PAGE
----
One of my favorite novels of the past few years is Andrés Neuman’s Traveler of the Century, an ambitious “total novel” that is many things: a love story, a murder mystery, and, most of all, a novel of ideas. While his latest, Talking to Ourselves, is much more brief and intimate, it is no less moving and intelligent. And while Traveller was set in an imaginary place, Talking to Ourselves is grounded in our reality, alternating between the voices of a father, mother, and son as they all deal with the father’s illness. None of them dares to express the complete the truth to the other two; instead, it’s up to us to put the pieces together. As the mother, Elena, expresses near the end, “Let’s be honest. All honesty is a little posthumous.” —Justin Alvarez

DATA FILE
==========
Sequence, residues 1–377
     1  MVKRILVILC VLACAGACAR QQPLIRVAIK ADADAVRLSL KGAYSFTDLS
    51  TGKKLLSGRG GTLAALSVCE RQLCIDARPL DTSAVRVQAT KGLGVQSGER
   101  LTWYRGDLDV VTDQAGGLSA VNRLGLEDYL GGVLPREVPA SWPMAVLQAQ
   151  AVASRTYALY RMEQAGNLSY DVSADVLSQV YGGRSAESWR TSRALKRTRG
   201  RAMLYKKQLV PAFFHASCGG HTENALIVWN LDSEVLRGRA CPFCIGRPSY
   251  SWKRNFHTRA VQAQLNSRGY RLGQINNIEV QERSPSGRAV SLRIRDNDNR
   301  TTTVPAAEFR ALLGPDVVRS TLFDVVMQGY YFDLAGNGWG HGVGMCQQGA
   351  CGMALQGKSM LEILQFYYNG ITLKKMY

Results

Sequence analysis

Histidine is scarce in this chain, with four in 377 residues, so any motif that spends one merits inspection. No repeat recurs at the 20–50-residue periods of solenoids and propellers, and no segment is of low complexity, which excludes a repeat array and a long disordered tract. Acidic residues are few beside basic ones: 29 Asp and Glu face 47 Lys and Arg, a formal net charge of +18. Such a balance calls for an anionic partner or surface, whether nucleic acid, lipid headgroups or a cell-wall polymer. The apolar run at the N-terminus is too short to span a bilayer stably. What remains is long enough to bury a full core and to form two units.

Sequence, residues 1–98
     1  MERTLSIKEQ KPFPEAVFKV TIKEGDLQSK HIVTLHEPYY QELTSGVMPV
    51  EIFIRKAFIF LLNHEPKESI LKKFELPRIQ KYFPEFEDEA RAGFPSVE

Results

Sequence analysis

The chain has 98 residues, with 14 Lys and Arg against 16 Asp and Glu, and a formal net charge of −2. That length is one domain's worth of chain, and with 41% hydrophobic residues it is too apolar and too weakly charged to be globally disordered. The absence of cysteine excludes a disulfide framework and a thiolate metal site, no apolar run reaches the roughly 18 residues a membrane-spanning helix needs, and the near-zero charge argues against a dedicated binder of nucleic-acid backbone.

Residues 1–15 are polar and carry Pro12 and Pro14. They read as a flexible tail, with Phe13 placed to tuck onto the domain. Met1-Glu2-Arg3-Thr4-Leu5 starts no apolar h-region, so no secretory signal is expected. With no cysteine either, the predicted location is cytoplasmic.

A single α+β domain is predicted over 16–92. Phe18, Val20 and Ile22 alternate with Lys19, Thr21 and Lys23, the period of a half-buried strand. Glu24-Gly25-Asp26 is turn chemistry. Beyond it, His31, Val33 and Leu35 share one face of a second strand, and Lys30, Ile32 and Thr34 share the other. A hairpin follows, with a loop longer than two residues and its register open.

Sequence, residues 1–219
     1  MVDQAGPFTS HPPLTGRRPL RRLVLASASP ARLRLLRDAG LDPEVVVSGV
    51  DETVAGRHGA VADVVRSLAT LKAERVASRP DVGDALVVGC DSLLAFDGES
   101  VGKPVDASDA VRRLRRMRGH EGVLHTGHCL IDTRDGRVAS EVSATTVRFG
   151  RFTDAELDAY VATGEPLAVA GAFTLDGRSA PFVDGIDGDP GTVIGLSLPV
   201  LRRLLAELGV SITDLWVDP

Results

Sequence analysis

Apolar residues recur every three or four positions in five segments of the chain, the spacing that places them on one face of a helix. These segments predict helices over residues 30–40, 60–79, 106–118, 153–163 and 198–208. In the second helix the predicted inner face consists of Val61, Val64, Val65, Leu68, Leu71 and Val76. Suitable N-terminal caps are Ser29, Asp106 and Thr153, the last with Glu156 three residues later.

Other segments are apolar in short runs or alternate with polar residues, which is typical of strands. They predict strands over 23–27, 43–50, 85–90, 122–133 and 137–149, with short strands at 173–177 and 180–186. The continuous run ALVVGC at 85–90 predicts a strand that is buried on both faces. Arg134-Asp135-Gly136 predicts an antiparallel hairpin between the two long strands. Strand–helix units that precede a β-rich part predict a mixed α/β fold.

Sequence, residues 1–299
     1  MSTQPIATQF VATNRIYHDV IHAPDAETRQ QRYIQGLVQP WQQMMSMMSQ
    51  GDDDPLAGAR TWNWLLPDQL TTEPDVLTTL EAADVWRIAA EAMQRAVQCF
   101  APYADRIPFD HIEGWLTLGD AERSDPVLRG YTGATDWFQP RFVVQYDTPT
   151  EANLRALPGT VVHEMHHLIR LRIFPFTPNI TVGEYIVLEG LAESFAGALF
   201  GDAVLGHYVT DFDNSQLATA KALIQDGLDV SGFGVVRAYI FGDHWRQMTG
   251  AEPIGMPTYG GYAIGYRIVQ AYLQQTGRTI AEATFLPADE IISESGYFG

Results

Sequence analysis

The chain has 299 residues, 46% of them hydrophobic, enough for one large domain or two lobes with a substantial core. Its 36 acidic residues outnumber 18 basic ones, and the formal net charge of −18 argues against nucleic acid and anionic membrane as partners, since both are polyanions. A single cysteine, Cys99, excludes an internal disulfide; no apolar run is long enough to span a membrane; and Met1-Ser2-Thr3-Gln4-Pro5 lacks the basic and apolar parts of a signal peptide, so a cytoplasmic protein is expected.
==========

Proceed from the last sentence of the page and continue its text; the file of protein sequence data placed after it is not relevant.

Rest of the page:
When I last left America, an airport official confiscated Dos Passos’s USA trilogy to reduce my hand-luggage; I learnt my lesson and flew back in bearing only one light paperback, Open City by Teju Cole. As I read it over three months, its narrator, Julius, walked through the same streets of New York (then Brussels and back to New York) in a headspace James Wood astutely calls “productive alienation,” nourishing common encounters on the street with memories (of his father’s funeral, Nigeria, schoolmates illnesses, the first illicit consumption of a pornographic magazine or a Coca Cola). His narrative is besieged by loss, and calibrated, in the end, to omit rather than include. Cole’s novel is paradoxical, “turned in on itself” as Manhattan itself is: “water was a kind of embarrassing secret, the unloved daughter, neglected, while the parks were doted on, fussed over, overused.” —Lucie Elven